If you have been charged under New York DWI laws, as your attorney, I will zealously represent you to get the best resolution possible and make sure everything goes smoothly. In addition to DWI, I handle speeding tickets, other traffic tickets, and other criminal charges in Rochester, New York, and nearby towns and counties.
DWI stands for Driving While Intoxicated, which is either a specific numerical blood alcohol content (BAC) result of 0.08 or higher (V&T Law §1192(2)), or a general notion that you are intoxicated, proven by testimony and other evidence of the nature of your impairment (V&T Law §1192(3)). A first DWI is a misdemeanor, while a second DWI is a felony.
DWAI stands for Driving While Ability Impaired (V&T Law §1192(1)), and is generally considered to be when the BAC result is higher than 0.05 but below 0.08, though it is actually not that simple, since District Attorney’s offices may charge you with a statutory misdemeanor DWI despite a lower BAC than required for BAC misdemeanor DWI.
New York State added a new offense early in 1997, called Aggravated DWI, which is where the BAC is 0.18 or above.
Felony DWI charges in New York generally happen when the defendant has a previous DWI conviction within the past 10 years. While there are other circumstances that can lead to felony charges involving a DWI, this is the most common. Another example would be where the DWI itself is a misdemeanor but the driver is charged with some other felony, like vehicular manslaughter if someone is killed.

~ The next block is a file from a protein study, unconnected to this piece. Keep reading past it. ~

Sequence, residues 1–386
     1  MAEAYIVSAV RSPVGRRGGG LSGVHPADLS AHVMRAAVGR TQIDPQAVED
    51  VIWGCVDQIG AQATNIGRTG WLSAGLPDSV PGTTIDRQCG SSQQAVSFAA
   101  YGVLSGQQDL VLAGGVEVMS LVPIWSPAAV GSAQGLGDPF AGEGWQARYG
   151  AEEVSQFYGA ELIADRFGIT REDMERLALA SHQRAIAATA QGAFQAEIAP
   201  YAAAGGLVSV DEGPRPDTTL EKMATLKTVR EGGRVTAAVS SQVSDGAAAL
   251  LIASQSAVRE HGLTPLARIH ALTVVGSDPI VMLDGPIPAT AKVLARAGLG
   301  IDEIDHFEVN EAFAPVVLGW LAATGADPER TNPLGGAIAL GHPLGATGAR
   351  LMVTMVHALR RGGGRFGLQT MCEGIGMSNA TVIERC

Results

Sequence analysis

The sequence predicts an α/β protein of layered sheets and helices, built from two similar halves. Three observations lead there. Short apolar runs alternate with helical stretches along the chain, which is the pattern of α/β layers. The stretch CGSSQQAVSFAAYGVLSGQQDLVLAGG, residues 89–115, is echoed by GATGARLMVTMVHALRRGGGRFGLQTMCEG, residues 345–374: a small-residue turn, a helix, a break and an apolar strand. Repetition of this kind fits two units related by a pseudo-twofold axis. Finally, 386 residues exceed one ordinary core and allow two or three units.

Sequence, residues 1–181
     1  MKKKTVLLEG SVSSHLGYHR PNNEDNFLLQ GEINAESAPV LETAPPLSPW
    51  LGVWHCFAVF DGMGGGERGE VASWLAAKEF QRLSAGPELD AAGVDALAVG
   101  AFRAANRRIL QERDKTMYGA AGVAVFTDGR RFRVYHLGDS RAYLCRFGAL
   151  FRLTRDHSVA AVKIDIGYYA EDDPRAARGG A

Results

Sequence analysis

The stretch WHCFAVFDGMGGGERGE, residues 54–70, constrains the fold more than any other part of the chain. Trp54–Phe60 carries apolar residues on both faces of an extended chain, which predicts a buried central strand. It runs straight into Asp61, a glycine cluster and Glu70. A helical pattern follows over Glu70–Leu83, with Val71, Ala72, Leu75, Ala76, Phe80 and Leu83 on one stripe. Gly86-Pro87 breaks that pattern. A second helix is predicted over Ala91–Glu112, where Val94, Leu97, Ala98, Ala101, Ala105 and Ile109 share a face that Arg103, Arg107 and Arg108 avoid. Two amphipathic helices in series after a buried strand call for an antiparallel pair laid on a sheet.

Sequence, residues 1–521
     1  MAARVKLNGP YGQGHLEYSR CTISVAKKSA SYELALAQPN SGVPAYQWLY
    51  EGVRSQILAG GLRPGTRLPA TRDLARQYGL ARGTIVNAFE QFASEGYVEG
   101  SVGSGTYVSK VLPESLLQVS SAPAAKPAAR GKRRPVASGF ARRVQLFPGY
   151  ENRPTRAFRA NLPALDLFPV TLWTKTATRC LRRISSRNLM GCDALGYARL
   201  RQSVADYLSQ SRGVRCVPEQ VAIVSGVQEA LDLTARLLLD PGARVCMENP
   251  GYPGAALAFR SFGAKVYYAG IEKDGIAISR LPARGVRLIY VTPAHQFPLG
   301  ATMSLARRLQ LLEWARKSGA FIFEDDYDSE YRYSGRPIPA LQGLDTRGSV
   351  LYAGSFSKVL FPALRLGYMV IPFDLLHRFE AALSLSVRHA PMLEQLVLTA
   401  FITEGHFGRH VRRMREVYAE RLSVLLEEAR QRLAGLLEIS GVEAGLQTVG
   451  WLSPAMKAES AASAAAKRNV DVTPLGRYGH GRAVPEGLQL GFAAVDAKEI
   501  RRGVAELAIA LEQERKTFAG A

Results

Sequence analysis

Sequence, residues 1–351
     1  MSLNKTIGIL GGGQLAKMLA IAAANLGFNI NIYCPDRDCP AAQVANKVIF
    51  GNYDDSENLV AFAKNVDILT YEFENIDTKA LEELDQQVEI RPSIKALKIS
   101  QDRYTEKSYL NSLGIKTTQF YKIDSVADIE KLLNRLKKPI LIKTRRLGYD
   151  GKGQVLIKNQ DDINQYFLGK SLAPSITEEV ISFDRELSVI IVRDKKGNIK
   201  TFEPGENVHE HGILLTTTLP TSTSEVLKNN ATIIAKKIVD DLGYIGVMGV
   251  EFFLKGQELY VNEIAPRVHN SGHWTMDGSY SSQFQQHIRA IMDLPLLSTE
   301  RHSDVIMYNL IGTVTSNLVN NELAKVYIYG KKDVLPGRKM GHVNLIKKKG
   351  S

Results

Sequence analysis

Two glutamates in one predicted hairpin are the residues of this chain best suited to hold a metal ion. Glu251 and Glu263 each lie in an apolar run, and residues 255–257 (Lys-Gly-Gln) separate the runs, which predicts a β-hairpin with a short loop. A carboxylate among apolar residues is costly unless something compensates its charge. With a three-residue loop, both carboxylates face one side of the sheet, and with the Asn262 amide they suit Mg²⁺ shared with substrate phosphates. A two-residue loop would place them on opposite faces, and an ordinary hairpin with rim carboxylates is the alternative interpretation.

Under V&T Law §1193, first and second convictions for DWAI are violations – they are not crimes, and you will not have a criminal record for a violation. A third DWAI is a misdemeanor. While a DWAI conviction is not criminal, the penalties are still rather harsh. The defendant convicted of DWAI will face substantial fines, assessments, surcharges and fees, easily exceeding $1,000 and potentially approaching $2,000. A first-time DWAI offense will also lead to license suspension, typically for 90 days. Another big impact is the likely increase in insurance rates, which will cost the typical DWAI defendant well over $1,000 in increased insurance premiums. Finally, a DWAI violation stays on your driving record for at least 10 years, and will also generally show up on a criminal history check for the rest of your life.